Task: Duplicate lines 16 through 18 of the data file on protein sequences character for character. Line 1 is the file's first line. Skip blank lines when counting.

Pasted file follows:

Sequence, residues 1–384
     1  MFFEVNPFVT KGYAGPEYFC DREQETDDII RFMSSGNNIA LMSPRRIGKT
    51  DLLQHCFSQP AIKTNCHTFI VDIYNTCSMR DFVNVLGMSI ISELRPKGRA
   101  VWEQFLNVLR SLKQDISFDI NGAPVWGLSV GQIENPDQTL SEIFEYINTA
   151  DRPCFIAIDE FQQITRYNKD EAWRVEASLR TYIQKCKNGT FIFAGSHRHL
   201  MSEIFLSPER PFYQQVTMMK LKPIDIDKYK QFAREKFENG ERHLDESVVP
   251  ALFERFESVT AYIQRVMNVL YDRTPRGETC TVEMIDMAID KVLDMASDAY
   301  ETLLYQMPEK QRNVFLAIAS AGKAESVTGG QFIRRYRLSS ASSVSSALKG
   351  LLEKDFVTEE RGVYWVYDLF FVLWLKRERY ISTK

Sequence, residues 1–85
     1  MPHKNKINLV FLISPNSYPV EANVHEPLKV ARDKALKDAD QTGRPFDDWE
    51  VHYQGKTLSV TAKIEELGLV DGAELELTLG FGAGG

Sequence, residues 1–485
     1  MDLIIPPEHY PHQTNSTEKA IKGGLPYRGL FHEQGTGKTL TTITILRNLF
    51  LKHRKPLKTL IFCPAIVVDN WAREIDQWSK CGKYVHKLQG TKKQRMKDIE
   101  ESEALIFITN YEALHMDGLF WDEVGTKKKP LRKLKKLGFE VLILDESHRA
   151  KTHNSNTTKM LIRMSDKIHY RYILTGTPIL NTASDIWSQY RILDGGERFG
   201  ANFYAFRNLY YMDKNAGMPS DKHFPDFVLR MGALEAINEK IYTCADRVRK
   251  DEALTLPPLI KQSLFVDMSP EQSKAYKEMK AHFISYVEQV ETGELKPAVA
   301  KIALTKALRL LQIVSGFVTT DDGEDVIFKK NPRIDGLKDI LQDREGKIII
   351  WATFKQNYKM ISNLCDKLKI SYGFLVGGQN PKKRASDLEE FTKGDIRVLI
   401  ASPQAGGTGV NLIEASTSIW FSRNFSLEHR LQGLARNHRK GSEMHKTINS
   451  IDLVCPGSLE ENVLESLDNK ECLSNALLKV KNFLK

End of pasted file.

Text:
   101  ESEALIFITN YEALHMDGLF WDEVGTKKKP LRKLKKLGFE VLILDESHRA
   151  KTHNSNTTKM LIRMSDKIHY RYILTGTPIL NTASDIWSQY RILDGGERFG
   201  ANFYAFRNLY YMDKNAGMPS DKHFPDFVLR MGALEAINEK IYTCADRVRK